Edmonton – The Saskatchewan government, since at least 2007, has repeatedly emphasized that it is not touching oil and gas royalties. Now, it seems the new United Conservative Party government in Alberta has chosen to follow the same path.
The Government of Alberta has introduced legislation that would guarantee the oil and gas royalty structure that is in place when a producer drills a well is the same ten years later.
The bill to further legitimize the current royalty system follows two formal reviews conducted by the province in recent years.
The first, in 2007, resulted in the government’s New Royalty Framework in 2009.
This increased rates and was not well received by industry and its investors, especially because the new rules came into effect as the price of oil tanked from $150 to $40.
Largely, the changes to the royalty regime were ultimately repealed.
“Shortly after passing legislation for the New Royalty Framework, the government began to roll back the increases with new royalty relief programs. By the time the dust had settled in 2010, most of the changes to the new royalty framework that had been recommended by the panel, including some later legislated by the government, had been dismantled in response to pressure from industry,” DOB regulatory specialist Elsie Ross wrote in January 2016.
“The disastrous review ultimately cost [Ed Stelmach] his job as premier, as his relationship with the industry had been permanently damaged. He was unable to overcome its mistrust.”
Alberta’s NDP government under Premier Rachel Notley conducted a second oil and gas royalty review in 2015.
The resulting Modernized Royalty Framework, which took effect in January 2017, included changes designed to drive innovation by rewarding producers that reduce drilling costs below the industry average, Ross noted.
It also enacted no changes on existing oil wells or to oilsands projects, and was broadly well received.
Alberta Premier Jason Kenney’s new legislation would restrict further reviews of the province’s oil and gas revenue system.
The Royalty Guarantee Act, introduced on June 20, “would increase investor confidence” with a “guarantee that no major changes will be made to the current oil and gas royalty structure for at least 10 years.”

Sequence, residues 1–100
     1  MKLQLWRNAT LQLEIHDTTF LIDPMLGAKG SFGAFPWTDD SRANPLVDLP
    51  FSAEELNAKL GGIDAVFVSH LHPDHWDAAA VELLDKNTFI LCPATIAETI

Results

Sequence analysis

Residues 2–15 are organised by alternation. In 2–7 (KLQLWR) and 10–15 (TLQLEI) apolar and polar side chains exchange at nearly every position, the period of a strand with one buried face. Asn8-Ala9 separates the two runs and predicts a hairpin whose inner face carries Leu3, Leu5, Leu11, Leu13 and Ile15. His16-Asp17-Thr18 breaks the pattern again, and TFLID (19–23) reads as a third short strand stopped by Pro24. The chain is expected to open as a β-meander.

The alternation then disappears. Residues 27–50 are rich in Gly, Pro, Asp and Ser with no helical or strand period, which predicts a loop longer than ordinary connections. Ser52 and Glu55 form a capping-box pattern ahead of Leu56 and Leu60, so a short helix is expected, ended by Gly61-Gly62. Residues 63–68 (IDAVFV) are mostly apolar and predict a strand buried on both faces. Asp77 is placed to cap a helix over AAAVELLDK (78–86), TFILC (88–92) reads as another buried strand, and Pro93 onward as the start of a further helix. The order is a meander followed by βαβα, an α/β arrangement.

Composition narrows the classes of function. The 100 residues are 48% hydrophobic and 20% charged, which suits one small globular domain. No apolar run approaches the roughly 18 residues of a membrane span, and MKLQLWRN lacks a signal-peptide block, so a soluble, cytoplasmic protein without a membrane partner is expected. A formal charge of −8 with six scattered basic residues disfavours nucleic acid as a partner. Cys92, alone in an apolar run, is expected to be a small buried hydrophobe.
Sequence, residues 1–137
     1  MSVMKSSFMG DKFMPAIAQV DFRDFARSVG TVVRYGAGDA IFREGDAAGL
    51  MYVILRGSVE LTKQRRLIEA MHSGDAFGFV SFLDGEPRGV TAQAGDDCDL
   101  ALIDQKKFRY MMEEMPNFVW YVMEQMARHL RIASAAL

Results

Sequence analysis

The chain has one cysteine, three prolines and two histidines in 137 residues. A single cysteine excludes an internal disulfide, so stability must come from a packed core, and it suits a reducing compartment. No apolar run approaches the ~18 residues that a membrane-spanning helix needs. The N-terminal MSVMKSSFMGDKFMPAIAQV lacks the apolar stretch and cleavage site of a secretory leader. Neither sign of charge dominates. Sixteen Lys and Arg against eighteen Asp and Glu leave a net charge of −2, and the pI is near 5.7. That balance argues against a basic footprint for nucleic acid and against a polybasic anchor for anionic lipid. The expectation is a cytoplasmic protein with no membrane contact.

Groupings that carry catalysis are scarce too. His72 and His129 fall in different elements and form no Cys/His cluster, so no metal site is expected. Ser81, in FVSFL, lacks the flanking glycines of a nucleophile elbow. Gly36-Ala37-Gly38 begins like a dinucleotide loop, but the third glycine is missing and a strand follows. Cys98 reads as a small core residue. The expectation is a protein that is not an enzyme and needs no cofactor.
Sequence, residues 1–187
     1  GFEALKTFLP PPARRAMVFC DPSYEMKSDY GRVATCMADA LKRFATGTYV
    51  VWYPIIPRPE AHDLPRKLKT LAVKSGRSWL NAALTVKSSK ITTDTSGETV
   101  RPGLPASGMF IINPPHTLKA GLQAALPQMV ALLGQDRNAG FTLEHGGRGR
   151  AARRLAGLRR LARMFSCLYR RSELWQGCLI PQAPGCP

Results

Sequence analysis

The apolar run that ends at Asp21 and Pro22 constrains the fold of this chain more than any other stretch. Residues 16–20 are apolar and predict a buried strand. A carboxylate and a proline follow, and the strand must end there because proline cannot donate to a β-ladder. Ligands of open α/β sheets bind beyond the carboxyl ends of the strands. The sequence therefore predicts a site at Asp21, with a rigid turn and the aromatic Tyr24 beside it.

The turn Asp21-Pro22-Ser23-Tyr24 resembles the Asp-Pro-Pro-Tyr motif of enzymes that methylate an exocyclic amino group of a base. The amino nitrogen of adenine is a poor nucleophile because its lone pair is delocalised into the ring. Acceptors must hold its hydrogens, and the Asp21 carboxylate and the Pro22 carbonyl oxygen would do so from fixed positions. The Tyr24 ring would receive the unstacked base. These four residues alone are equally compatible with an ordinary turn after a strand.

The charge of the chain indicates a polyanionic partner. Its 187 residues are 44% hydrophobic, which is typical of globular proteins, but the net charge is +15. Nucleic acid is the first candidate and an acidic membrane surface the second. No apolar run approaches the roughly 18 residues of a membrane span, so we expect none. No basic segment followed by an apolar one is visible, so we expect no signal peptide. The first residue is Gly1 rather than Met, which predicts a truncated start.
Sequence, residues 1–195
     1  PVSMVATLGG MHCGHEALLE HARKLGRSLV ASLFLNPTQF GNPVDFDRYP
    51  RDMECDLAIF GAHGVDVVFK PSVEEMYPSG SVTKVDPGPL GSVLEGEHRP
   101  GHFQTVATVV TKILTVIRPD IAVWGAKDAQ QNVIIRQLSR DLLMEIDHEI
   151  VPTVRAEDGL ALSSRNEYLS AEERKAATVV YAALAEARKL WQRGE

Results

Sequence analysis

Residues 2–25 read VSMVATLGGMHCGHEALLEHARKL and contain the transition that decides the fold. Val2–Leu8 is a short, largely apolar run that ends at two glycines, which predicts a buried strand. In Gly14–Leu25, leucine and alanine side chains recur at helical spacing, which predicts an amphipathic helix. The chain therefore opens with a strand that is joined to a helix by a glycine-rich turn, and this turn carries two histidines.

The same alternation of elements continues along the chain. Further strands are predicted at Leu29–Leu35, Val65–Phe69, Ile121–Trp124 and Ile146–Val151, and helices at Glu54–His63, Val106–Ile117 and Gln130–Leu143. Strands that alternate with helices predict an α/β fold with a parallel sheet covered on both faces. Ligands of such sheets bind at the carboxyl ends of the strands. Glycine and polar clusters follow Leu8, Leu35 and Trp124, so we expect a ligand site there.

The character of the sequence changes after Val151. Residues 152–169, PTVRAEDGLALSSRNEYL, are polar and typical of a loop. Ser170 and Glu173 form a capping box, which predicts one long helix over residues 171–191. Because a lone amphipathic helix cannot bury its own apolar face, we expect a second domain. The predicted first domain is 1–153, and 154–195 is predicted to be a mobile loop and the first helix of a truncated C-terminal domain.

This time frame is intended to provide sufficient time to recover most of the producible oil and gas from new and existing wells in Alberta, the government said.
“Frequent royalty reviews have had a significant negative impact on the energy industry and our province’s ability to compete with other energy jurisdictions. Alberta has competitive royalty rates and investors need certainty when making long-term decisions that the rates will not change on a whim. This legislation would provide the guarantee that stability isn’t just something we talk about in Alberta, it is the law,” said energy minister Sonya Savage.
The Royalty Guarantee Act still has to be passed in Edmonton.
It was endorsed on Friday by Mark Scholz, CEO of the Canadian Association of Oilwell Drilling Contractors, whose members are increasingly seeking opportunities in the United States.
“With an attractive investment environment, the Permian Basin in Texas has recovered far faster than Alberta since the downturn in 2014,” he said.
“Policies that increase investor certainty, like a royalty guarantee, will go a long way in helping Alberta compete again, and ultimately speed up recovery in the Western Canadian Sedimentary Basin.”